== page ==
If you're contracting is mostly remote and outside the UK, you don't need to register, or charge VAT (as I understand it).
I.E. I do £100 of work, I charge £120 and pay the government 0.145 * 120 = £17.4
Further, for the first year, you get to pay at 13.5%, £16.20 in the example, effectively boosting company revenue by 3.8% for the first year, and 2.6% thereafter.
If you are working with UK clients I'd imagine it's most likely in your interests to be VAT registered.
AFAICT most VAT on everyday expenses doesn't come back to you.
OTOH you can charge the company for your lunch every day, which means you get that paid for before corporation tax, income tax or anything else...
Hmmm. I think my last accountant told me things like lunch every day were not billable to the company. But they weren't very good accountants. :)
I didn't realise it was only spends over 2K that could be claimed back. Do you have a reference for that?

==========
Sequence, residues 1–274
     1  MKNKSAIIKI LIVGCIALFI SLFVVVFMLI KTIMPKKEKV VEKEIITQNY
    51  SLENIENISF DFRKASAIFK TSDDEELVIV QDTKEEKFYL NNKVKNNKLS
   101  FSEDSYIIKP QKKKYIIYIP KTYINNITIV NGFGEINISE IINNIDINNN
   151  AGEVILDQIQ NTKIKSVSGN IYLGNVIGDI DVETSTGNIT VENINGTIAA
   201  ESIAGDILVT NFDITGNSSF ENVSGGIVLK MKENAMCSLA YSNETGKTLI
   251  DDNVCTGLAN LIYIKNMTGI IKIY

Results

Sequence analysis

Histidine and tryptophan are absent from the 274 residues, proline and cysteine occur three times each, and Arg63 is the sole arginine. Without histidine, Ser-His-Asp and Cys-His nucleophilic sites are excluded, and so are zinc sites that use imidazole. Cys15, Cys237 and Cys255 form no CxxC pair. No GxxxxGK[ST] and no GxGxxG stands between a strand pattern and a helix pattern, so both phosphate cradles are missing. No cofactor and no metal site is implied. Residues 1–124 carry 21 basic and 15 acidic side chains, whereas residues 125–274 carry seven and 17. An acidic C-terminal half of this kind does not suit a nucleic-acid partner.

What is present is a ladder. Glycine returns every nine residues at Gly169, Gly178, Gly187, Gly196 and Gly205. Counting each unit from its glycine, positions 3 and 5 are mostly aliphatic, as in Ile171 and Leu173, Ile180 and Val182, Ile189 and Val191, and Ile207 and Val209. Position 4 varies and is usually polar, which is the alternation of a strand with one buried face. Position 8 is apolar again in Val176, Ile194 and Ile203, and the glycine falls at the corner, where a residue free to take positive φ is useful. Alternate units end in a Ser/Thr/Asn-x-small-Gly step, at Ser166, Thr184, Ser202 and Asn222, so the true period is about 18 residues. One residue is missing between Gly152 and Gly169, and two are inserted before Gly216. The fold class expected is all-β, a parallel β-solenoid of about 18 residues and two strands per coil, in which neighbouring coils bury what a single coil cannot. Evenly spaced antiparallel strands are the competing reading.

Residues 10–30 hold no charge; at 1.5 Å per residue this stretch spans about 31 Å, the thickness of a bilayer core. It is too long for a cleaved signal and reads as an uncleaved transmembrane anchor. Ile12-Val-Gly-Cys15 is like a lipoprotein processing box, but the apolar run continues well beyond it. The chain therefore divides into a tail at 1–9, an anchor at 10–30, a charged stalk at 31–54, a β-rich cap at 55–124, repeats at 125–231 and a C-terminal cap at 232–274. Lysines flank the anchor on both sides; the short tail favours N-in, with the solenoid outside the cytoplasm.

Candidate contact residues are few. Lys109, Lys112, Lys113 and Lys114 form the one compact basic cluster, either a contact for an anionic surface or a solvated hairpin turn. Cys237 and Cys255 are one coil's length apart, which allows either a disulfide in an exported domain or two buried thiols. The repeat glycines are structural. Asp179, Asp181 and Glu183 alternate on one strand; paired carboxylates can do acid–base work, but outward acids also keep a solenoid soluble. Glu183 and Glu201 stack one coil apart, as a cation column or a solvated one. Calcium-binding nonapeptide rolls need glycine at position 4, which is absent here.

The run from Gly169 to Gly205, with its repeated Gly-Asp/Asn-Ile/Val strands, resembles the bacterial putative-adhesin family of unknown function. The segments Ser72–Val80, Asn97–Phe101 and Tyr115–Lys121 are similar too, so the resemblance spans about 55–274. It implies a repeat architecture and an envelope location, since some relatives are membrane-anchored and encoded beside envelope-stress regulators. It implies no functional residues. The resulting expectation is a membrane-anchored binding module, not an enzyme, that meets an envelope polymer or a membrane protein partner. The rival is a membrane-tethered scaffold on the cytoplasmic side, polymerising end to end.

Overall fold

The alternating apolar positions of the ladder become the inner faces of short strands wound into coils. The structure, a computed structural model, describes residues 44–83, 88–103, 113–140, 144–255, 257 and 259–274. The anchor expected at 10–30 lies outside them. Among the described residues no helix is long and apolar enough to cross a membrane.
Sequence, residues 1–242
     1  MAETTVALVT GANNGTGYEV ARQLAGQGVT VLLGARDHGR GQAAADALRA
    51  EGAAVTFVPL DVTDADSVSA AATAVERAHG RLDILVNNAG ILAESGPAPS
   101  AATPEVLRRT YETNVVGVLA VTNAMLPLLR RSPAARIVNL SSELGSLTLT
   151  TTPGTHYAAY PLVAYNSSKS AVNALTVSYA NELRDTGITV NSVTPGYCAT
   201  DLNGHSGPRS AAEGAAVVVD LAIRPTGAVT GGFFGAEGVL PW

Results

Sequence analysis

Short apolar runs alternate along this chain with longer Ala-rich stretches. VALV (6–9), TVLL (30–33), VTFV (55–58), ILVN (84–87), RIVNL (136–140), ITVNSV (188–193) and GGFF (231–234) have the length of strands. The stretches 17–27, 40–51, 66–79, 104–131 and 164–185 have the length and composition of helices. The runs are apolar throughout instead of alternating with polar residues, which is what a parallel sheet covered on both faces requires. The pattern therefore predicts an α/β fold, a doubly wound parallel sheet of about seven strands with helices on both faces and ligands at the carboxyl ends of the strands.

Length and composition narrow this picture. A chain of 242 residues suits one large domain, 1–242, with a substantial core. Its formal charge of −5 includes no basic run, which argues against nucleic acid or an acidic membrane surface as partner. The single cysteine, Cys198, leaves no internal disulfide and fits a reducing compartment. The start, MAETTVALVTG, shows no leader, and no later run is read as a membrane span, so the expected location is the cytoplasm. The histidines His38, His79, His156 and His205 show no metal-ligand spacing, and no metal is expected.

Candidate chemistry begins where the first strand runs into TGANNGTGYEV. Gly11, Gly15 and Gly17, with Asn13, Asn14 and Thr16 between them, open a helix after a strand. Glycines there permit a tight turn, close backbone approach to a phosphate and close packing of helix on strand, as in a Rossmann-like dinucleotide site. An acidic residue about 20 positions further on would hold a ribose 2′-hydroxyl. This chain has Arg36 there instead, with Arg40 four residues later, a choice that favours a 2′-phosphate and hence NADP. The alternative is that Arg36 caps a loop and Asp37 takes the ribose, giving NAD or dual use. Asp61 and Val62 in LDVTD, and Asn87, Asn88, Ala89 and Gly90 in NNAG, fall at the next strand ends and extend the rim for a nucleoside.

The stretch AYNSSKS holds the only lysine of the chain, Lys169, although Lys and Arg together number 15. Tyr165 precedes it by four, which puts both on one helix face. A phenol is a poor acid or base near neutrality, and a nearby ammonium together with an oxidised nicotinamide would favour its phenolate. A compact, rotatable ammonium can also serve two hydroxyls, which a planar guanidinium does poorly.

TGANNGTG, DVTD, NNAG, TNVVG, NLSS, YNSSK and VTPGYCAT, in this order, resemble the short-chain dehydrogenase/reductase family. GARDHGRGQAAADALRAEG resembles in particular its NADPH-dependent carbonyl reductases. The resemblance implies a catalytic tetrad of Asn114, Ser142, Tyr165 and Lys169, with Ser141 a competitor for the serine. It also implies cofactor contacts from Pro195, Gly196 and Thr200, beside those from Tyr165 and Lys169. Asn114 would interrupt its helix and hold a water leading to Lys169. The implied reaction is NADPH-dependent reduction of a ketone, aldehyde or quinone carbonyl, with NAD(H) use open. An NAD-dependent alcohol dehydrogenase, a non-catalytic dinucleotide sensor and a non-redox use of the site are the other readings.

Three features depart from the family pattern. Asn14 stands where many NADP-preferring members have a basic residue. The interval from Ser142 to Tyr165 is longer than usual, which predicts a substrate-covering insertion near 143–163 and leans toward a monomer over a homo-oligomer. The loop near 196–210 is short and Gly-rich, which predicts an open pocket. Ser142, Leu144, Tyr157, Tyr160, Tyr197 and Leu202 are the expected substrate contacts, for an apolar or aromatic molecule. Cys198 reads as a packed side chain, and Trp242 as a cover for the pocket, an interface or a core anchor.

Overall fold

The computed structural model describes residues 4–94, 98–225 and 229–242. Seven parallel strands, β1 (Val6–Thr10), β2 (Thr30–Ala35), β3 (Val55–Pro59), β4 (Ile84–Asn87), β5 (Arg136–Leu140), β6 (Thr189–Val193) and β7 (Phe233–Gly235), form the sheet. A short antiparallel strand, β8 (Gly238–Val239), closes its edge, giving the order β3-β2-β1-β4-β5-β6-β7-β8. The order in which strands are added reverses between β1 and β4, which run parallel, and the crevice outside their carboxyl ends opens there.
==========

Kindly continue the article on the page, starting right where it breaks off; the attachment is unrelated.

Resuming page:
Overall, VAT registration didn't seem to offer me much (given that my clients are all outside the UK) but I'm curious to know if there are circumstances where it might make sense.
Best I can find on VAT in a ten-second search is this -
Sections 15.1 and 15.2 are where you'll want to look.
Oh, and the overview section from this much simpler guide :)
This £2K thing probably does only apply to companies on flat-rate schemes.
The idea is that for a small business, the overheads of processing all the VAT refund stuff are just too large, so you give relief on large purchases only, and the income boost I mentioned in the other post is probably supposed to make up for it. Or something. I don't claim to fully understand!